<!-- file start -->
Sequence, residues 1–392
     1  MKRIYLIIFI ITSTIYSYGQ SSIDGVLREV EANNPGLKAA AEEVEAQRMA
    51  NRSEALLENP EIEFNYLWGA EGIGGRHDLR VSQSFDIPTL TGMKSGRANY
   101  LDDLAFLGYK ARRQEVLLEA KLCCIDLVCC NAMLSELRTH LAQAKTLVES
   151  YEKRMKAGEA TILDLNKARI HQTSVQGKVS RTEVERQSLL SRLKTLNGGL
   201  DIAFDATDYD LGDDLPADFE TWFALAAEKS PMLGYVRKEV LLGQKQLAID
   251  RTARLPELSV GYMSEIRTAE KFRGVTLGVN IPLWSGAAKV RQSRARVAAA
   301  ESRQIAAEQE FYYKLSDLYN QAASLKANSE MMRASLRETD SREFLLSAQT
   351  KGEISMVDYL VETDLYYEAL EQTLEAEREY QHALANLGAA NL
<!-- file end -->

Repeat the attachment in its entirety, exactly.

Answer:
Sequence, residues 1–392
     1  MKRIYLIIFI ITSTIYSYGQ SSIDGVLREV EANNPGLKAA AEEVEAQRMA
    51  NRSEALLENP EIEFNYLWGA EGIGGRHDLR VSQSFDIPTL TGMKSGRANY
   101  LDDLAFLGYK ARRQEVLLEA KLCCIDLVCC NAMLSELRTH LAQAKTLVES
   151  YEKRMKAGEA TILDLNKARI HQTSVQGKVS RTEVERQSLL SRLKTLNGGL
   201  DIAFDATDYD LGDDLPADFE TWFALAAEKS PMLGYVRKEV LLGQKQLAID
   251  RTARLPELSV GYMSEIRTAE KFRGVTLGVN IPLWSGAAKV RQSRARVAAA
   301  ESRQIAAEQE FYYKLSDLYN QAASLKANSE MMRASLRETD SREFLLSAQT
   351  KGEISMVDYL VETDLYYEAL EQTLEAEREY QHALANLGAA NL